Just over a week ago, the Hong Kong Police and National Security Law threatened a foreign national, living outside Hong Kong, and a foreign-registered charity, based in London, with a fine of US$13,000 and anything between a year and life imprisonment, if they did not take down their website—run out of the United Kingdom—within 72 hours of receipt of their letters.
In addition to it being shocking that the Hong Kong authorities, clearly acting on the instructions of their puppet-masters in the Chinese Communist Party (CCP) regime in Beijing, should try to silence a British organization and a British activist, the charges and the threat are patently laughable. As one distinguished former British politician said in reaction to hearing about this: “Oh they are such idiots.”
The Chinese regime is not always an idiot—sometimes it can be dangerously clever, and I do not underestimate it. But in this instance it is, for two specific reasons.
First, the individual and organization concerned are accused of the crime of “collusion” with foreign political forces, even though they are foreign-based and might themselves constitute a “foreign force.”Are they colluding with themselves? With their own democratically-elected representatives?
Second, because the individual targeted was already denied entry to Hong Kong in October 2017 and, therefore, effectively banned from the city and China.
How can I be so sure? Because the individual concerned is me, and the organization targeted is Hong Kong Watch, which I co-founded in December 2017.
In October 2017, I believe that I became the first Westerner to be refused entry, rather publicly, to Hong Kong on the direct orders of Beijing. The incident caused a media and diplomatic storm, and Hong Kong’s Chief Executive Carrie Lam, Beijing’s puppet-extraordinaire, accused me of being a serious threat to China’s national security.
Four and a half years later, I have become the first foreign national to be targeted under the draconian National Security Law imposed on Hong Kong two years ago, and Hong Kong Watch, the advocacy group I lead, is the first such foreign organization to be targeted.
There are several implications one can deduce from this.
First, the CCP and its quislings in Hong Kong are suffering a truly major insecurity complex. They need serious psychiatric counselling. They want the world to believe that China is the world’s new superpower, yet they are terrified of one activist working with limited resources from his home in a suburb in London, and an organization that relies on the dedication of our team even more than the donations in our bank account.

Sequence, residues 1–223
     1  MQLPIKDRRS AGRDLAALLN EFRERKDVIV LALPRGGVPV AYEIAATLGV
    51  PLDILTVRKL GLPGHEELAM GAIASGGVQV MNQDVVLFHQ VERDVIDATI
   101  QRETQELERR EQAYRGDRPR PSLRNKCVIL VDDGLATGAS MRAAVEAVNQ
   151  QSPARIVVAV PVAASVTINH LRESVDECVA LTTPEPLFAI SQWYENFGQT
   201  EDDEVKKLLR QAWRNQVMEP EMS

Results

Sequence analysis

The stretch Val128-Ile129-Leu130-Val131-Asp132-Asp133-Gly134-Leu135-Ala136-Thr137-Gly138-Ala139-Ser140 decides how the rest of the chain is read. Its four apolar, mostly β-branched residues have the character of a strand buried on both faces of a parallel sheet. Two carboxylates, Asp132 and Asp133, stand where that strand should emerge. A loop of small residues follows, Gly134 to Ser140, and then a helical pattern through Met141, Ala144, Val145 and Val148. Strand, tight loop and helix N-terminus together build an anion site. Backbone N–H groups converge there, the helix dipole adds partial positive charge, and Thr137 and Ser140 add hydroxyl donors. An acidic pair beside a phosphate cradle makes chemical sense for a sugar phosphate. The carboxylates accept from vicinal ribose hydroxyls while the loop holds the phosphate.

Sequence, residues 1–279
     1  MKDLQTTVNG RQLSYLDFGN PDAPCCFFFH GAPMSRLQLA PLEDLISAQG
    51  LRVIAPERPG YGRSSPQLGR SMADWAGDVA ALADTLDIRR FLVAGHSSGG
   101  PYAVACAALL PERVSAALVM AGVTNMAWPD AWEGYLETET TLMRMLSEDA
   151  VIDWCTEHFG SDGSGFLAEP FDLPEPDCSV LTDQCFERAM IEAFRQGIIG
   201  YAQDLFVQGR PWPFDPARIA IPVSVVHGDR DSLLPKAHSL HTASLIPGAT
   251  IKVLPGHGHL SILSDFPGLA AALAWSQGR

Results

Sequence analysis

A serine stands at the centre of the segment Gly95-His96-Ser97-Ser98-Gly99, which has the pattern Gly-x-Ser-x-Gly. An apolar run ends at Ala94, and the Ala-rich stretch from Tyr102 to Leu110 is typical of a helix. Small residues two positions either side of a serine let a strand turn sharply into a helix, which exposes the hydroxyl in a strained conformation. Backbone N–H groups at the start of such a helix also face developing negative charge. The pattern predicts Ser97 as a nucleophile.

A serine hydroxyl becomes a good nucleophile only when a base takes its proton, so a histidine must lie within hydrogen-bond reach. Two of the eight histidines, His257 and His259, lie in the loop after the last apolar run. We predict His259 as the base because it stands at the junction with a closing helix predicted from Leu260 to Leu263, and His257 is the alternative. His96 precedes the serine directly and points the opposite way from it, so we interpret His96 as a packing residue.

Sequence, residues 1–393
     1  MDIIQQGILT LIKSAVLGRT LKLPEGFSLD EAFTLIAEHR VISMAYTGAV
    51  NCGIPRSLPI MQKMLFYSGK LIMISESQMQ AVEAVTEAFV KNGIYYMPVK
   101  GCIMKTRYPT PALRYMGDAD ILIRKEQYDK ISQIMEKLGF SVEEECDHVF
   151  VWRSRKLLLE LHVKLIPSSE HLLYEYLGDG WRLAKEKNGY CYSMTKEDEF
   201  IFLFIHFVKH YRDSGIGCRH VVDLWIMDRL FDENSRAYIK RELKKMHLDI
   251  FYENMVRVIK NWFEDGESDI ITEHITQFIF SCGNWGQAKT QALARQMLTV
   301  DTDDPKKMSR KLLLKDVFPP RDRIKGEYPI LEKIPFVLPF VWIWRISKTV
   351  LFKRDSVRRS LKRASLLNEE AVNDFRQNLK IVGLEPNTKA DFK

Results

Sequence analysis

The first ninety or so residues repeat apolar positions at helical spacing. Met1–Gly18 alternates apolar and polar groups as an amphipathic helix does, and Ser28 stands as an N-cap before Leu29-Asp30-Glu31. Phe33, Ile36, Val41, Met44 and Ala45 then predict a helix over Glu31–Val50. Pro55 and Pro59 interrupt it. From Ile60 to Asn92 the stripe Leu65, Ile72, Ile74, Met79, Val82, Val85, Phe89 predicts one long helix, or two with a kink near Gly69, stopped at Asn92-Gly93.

Second, we in Hong Kong Watch take it, with all humility, as a badge of honor. While Hong Kong Watch has expanded rapidly in four years—from one part-time employee to a team of eight staff, a wide range of very eminent patrons, distinguished advisers and trustees in London, Washington, Ottawa, and with growing impact on policymakers across the European Union, the United Nations, Australia, New Zealand, and beyond—and while we have achieved some very significant policy breakthroughs, we are a tiny and young group simply chiseling away at our mission, to ensure that the world stands up, speaks out, and acts to help Hong Kong.
But we are like David against Goliath. And yet in the back of our minds is always the memory that although Goliath was big, David showed that if you aim carefully, just one shot from a slingshot can change the world. The bullies and butchers in Beijing know that, and that’s why they’re trying to shut us down.
Third, in practice there is little the Chinese or Hong Kong authorities can do to action their ludicrous charges against me or Hong Kong Watch in the United Kingdom. They can send harassing and intimidating letters and messages to me, my neighbors, my mother, my employers, and my associates, but they have been doing that for the past four years, so we are kind of getting used to it. We should not be, living in a free society, but that’s the nature of the fight for freedom. So we must not and will not be silenced. Now more than ever, we must use our voices to speak out for those in Hong Kong who can no longer speak out.
Fourth, although the dangers to us are minimal, and we will not be scared into silence, we must not be naïve. What the CCP and its Hong Kong henchmen have done to me and my team at Hong Kong Watch, they could do now to anyone.
The regime never just picks off one activist or one organization. As we can see from Hong Kong over the past two years, it has dismantled civil society, independent media, pro-democracy opposition, trade unions, academic freedom, freedom of protest, freedom of expression, and are now poised to attack religious freedom.
In the same way, if the free world—through our apathy, naivety, materialism, greed, or stupidity—lets it, the CCP will go after others. The attack on me and Hong Kong Watch is just a test case.
If our governments are limp in their response, then other foreign civil society groups, media organizations, websites, politicians, and critics will become targets. And of course, several Western legislators have already been sanctioned, exiled dissidents threatened, and activists harassed, so the trajectory is clear.
Unless we stand up to these threats, Xi Jinping will accelerate his steamroller throughout the free world. Where Vladimir Putin’s guns, tanks, and bombs may have stalled in their impact in Ukraine–despite huge human carnage and tragedy—Xi’s quiet thuggery may break through, if we do not wake up and stand up to it.